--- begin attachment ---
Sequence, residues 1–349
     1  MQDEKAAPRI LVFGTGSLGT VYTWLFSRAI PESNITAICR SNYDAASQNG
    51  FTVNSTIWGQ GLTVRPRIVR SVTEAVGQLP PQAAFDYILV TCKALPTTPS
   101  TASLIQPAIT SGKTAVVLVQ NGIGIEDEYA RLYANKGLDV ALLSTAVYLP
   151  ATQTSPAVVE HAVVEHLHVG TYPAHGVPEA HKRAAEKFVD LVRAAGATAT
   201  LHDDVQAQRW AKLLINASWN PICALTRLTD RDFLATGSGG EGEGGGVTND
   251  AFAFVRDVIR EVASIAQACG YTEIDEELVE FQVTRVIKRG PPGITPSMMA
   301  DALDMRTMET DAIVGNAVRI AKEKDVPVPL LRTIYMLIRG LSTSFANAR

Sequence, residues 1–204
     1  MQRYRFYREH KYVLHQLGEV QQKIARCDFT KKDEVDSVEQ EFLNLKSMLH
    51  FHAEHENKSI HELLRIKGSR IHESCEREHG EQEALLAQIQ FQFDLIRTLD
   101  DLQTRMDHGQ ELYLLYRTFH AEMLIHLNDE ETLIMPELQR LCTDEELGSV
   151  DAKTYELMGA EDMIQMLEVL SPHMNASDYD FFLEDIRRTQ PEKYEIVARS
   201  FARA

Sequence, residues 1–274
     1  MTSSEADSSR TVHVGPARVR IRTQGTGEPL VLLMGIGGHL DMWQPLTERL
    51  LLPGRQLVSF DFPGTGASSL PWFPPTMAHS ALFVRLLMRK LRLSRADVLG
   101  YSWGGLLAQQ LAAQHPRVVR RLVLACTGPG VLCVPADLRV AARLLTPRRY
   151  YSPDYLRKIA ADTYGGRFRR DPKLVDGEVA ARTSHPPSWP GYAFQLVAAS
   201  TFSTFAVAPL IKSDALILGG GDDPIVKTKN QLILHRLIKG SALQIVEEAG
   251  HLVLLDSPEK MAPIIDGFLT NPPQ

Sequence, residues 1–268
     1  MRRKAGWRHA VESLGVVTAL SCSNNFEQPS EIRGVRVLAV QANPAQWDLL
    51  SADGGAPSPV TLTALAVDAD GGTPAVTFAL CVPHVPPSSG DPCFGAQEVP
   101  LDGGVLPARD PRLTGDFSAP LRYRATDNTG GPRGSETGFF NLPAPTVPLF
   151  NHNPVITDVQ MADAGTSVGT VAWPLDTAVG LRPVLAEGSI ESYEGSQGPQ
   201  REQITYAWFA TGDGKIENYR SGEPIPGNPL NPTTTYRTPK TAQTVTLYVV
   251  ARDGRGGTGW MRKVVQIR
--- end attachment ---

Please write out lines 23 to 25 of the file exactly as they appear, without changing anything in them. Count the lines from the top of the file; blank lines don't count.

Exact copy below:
     1  MRRKAGWRHA VESLGVVTAL SCSNNFEQPS EIRGVRVLAV QANPAQWDLL
    51  SADGGAPSPV TLTALAVDAD GGTPAVTFAL CVPHVPPSSG DPCFGAQEVP
   101  LDGGVLPARD PRLTGDFSAP LRYRATDNTG GPRGSETGFF NLPAPTVPLF